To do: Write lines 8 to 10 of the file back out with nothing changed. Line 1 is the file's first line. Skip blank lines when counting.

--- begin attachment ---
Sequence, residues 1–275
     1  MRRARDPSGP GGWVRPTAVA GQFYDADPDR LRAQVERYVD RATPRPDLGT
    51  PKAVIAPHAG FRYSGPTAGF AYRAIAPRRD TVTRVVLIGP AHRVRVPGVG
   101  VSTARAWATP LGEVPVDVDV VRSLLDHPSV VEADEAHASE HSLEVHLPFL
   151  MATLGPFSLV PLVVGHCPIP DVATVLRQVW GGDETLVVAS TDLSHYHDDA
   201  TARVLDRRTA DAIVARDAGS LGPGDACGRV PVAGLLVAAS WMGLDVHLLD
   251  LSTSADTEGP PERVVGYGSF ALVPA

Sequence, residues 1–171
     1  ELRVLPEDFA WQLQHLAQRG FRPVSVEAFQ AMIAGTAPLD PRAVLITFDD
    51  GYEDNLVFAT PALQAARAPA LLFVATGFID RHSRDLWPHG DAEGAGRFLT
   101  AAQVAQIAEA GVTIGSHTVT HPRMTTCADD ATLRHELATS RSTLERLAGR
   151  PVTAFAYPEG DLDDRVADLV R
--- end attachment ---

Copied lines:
Sequence, residues 1–171
     1  ELRVLPEDFA WQLQHLAQRG FRPVSVEAFQ AMIAGTAPLD PRAVLITFDD
    51  GYEDNLVFAT PALQAARAPA LLFVATGFID RHSRDLWPHG DAEGAGRFLT